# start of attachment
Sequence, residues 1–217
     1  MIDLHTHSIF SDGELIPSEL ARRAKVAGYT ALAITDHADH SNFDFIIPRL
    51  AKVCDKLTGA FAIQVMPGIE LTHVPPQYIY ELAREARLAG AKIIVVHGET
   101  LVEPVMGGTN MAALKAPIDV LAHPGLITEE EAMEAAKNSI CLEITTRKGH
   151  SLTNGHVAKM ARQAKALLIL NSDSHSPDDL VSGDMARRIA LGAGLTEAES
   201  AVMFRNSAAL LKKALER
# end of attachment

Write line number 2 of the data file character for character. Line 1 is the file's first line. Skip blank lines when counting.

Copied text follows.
     1  MIDLHTHSIF SDGELIPSEL ARRAKVAGYT ALAITDHADH SNFDFIIPRL